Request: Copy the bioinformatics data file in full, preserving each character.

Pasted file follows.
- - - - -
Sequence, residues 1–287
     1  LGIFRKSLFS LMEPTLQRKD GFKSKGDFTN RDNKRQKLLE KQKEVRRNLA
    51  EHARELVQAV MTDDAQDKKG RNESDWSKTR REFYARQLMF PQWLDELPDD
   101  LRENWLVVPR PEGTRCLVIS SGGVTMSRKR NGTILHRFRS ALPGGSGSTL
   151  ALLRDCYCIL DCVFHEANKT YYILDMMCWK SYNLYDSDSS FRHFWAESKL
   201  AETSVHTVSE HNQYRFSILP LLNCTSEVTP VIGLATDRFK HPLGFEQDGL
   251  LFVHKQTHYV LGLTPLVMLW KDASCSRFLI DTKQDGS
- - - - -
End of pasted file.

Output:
Sequence, residues 1–287
     1  LGIFRKSLFS LMEPTLQRKD GFKSKGDFTN RDNKRQKLLE KQKEVRRNLA
    51  EHARELVQAV MTDDAQDKKG RNESDWSKTR REFYARQLMF PQWLDELPDD
   101  LRENWLVVPR PEGTRCLVIS SGGVTMSRKR NGTILHRFRS ALPGGSGSTL
   151  ALLRDCYCIL DCVFHEANKT YYILDMMCWK SYNLYDSDSS FRHFWAESKL
   201  AETSVHTVSE HNQYRFSILP LLNCTSEVTP VIGLATDRFK HPLGFEQDGL
   251  LFVHKQTHYV LGLTPLVMLW KDASCSRFLI DTKQDGS